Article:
Maybe Joe Girardi, a brilliant baseball mind who may be too controlling and obsessive to function in New York?
And who’s going to make that decision? Is it general manager Bryan Cashman’s to make, or is Cashman, who has brought a lot of talented young blood into the system, also in danger? And if not Cashman, then who?
Unfortunately, George Steinbrenner was silent on that topic when he broke his long silence last Saturday when Ian O’Connor, a columnist with The Record of Hackensack, N.J., called his office on a whim and Steinbrenner not only answered his own phone, but disgorged the opinion that Torre would “probably” not return if he couldn’t dispose of Cleveland.
While Torre was reminiscing about how much fun he’s had managing the most famous team in American sports, those Indians who wouldn’t be disposed of were soaking the visitor’s clubhouse with domestic champagne, whooping and hollering and acting as if they’d done about the greatest thing in the world, which wasn’t far from the truth.
And if it weren’t for the fact that we have the fresh corpse of the Yankees to dissect, I’d spend a little time talking about what a terrific job a young Cleveland team did. But the Yankees are like Tiger Woods. When they lose to somebody who’s perceived as a lesser talent, the story is about how they lost, and not what the other guys did to win.
So nice job, Cleveland. You beat the Yankees. Hurray, hurray. Now go away while we pick through the wreckage of the mighty pinstripes.
The nation grieved for those hurt, killed and affected by the Boston Marathon bombings. After one of the suspects was caught on Friday — following a day-long lockdown and manhunt — sports returned to Boston over the weekend.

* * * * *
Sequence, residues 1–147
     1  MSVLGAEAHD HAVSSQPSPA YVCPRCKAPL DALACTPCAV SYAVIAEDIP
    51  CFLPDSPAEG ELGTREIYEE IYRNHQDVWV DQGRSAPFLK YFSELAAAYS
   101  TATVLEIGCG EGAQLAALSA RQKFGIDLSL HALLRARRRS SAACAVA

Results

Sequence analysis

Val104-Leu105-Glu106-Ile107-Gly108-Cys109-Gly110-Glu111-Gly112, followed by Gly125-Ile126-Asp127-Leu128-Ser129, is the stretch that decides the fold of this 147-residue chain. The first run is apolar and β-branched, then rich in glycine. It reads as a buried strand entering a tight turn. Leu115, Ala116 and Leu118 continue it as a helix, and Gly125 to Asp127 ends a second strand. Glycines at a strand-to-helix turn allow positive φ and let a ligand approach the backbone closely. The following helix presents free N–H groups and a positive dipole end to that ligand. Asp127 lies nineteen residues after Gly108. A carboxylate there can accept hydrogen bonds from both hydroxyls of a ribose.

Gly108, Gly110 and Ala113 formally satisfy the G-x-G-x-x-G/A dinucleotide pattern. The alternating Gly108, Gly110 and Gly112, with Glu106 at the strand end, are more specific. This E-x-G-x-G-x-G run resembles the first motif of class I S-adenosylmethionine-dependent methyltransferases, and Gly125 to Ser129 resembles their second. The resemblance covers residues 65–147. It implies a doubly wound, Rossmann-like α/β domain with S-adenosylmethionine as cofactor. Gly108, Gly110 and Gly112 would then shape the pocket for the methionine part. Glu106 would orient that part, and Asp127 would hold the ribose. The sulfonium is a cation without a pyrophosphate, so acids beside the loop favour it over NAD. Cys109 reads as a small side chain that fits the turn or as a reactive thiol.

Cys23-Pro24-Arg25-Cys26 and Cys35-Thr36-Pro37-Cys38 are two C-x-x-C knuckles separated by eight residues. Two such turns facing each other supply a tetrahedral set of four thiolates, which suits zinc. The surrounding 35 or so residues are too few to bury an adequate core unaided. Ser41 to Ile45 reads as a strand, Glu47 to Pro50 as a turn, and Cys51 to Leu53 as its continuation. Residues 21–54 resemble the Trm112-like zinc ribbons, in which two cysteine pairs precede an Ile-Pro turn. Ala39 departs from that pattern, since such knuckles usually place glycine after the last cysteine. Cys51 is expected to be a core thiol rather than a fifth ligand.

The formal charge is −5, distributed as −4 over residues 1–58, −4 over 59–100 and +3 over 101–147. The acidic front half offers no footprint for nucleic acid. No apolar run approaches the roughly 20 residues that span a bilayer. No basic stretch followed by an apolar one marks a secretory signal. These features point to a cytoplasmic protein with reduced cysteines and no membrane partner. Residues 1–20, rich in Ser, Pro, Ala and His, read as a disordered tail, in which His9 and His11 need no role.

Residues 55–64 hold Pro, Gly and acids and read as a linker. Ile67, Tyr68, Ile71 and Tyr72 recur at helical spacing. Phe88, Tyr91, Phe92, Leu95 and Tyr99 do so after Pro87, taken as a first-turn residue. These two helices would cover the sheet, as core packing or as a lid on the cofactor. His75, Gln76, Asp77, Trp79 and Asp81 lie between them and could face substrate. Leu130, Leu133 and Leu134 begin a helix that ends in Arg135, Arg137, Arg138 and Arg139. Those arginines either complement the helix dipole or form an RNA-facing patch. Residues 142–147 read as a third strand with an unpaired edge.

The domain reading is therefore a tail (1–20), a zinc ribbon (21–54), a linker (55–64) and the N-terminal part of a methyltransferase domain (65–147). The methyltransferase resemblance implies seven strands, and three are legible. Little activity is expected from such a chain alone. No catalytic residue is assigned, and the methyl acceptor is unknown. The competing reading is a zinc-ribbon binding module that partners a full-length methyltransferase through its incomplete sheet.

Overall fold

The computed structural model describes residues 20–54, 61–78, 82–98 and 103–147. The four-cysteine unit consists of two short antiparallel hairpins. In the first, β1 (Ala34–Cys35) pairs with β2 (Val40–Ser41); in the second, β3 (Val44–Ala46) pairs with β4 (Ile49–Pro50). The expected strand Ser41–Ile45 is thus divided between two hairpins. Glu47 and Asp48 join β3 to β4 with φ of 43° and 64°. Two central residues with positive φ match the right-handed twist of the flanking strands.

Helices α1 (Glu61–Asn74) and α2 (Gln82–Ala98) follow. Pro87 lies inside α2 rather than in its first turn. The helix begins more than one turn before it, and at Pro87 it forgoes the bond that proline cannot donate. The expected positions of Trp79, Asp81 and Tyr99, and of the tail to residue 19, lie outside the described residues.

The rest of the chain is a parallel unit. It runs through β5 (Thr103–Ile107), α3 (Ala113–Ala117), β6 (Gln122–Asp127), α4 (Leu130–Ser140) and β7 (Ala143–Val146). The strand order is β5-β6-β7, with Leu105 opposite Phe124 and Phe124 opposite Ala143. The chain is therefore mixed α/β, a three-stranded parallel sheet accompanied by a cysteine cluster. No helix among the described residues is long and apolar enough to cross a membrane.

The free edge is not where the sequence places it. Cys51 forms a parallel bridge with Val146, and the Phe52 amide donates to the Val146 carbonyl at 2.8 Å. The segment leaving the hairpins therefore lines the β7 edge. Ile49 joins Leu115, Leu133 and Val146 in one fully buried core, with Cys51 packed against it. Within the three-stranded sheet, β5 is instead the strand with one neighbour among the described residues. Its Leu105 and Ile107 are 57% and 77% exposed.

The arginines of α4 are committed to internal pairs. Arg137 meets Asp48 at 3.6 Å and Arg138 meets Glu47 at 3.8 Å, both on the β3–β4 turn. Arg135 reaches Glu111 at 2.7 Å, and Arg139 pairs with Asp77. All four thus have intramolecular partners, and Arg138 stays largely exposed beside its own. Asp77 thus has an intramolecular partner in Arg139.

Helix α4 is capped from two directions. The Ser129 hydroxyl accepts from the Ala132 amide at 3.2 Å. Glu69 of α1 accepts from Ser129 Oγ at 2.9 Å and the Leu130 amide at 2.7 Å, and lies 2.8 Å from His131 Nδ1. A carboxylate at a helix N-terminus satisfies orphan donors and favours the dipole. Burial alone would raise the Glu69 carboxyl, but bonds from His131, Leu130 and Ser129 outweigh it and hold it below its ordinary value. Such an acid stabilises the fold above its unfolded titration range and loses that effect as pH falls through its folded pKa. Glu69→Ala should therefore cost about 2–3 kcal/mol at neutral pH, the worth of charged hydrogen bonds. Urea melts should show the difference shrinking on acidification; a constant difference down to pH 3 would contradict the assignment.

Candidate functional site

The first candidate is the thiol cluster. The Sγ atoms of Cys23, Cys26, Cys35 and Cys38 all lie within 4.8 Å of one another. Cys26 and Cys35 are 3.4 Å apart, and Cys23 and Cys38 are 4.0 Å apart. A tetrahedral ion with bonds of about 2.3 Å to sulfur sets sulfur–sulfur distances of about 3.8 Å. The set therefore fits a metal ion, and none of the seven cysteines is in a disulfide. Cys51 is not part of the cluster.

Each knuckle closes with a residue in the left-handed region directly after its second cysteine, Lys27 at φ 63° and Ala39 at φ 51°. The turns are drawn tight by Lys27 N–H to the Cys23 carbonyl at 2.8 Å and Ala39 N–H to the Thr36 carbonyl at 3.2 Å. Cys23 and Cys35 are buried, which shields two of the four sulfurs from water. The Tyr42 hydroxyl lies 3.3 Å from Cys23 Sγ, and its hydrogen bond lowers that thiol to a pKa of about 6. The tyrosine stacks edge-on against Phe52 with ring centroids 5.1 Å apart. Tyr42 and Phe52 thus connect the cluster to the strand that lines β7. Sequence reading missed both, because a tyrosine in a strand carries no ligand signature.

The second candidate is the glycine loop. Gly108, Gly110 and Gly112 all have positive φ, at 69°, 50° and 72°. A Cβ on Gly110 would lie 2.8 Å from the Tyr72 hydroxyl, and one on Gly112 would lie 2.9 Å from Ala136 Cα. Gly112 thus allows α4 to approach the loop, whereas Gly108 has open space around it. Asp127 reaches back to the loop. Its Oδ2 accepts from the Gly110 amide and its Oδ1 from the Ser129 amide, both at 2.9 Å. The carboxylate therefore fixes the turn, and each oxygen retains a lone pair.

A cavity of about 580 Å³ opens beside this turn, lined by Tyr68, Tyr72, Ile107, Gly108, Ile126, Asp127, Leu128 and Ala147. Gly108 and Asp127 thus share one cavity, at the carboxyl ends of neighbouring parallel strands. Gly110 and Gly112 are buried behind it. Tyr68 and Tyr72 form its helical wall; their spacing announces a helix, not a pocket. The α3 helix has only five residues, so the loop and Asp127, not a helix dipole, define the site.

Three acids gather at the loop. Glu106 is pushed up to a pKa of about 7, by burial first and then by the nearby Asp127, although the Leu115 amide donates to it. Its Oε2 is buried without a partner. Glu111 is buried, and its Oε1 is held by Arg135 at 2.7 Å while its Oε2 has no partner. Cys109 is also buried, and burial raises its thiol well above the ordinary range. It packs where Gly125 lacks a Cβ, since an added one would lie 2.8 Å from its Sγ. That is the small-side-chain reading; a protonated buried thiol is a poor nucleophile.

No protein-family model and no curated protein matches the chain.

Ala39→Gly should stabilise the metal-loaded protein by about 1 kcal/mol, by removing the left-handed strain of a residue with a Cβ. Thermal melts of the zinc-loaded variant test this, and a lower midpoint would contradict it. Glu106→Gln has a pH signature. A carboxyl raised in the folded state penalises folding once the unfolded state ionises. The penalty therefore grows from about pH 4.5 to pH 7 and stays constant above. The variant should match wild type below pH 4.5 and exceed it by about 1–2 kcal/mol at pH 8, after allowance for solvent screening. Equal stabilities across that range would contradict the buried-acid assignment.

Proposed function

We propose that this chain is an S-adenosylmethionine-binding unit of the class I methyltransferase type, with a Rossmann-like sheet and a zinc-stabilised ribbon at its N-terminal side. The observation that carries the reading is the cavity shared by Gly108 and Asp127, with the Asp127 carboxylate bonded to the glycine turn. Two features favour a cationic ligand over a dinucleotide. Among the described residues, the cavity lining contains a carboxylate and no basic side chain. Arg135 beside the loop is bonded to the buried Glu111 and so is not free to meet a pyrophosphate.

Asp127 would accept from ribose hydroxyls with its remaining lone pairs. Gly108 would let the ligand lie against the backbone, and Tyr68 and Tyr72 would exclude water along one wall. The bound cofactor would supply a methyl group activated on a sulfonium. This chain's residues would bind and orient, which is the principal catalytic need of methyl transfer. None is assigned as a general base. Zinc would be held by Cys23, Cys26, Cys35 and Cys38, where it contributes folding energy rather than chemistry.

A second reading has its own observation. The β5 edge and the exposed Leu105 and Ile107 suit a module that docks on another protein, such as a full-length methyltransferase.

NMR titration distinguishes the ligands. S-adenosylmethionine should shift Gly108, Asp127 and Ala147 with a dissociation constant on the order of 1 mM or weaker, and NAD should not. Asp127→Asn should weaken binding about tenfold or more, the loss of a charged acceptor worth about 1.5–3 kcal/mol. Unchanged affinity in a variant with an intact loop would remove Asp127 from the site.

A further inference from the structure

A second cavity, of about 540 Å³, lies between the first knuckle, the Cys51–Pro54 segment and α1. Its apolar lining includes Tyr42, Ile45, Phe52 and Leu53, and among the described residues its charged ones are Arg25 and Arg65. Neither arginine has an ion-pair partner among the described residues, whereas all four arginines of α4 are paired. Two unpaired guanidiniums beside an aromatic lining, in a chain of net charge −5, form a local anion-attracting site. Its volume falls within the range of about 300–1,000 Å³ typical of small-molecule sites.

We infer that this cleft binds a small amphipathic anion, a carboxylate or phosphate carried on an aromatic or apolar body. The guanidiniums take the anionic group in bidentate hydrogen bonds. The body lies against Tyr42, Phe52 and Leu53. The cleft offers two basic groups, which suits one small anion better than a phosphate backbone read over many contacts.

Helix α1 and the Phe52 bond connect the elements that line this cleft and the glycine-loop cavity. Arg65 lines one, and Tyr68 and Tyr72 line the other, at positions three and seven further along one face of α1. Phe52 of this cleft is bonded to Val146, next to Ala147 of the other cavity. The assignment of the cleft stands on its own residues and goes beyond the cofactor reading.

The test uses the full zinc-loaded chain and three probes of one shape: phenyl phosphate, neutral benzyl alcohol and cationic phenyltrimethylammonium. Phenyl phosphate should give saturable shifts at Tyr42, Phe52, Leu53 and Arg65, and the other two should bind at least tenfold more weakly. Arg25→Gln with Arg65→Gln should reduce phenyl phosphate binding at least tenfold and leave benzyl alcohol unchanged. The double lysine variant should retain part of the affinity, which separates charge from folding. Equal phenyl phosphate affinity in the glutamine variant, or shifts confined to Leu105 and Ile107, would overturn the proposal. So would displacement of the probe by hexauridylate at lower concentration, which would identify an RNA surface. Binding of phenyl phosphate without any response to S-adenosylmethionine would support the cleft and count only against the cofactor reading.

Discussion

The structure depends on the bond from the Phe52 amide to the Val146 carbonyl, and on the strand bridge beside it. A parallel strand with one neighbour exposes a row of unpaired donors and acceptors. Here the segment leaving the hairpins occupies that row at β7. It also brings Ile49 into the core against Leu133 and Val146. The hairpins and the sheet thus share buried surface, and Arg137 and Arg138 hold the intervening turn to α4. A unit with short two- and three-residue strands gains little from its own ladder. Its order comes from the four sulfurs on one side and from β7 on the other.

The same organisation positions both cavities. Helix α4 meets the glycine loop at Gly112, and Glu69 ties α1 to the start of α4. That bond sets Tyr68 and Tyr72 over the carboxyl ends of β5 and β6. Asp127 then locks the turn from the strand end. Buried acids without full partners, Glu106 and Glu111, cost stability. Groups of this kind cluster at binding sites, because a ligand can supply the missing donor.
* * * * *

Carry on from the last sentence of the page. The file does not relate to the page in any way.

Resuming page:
Instead, they watched Byrd baffle New York and build a 6-1 fourth-inning lead. At that point, for all the noise 57,000 fans were making, you’d have thought you were sitting at a Marlins’ game on a Wednesday afternoon in mid-September with the Pirates in town.
“Hankies! Get your hankies!”
The crowd woke up in the seventh when A-Rod got his first RBI and first important hit — a home run — since 2004. It cut the lead to 6-3, hardly an insurmountable margin against the Yankee line-up, but when the inning ended without another run, thousands of the Yankee unfaithful headed for the exits. There were six outs left for their team — plenty of time to scratch out three runs — but they had seen enough.
They had stopped believing in this team, stopped believing that no deficit was too great to overcome.
And now it’s time for change. Torre’s gone. Who else goes with him?
HBT: Robinson Cano homered twice while David Phelps had the longest outing of his career as the Yankees topped the Blue Jays 7-2 this afternoon at Yankee Stadium.
Taking a look at some of the greatest catchers off all time.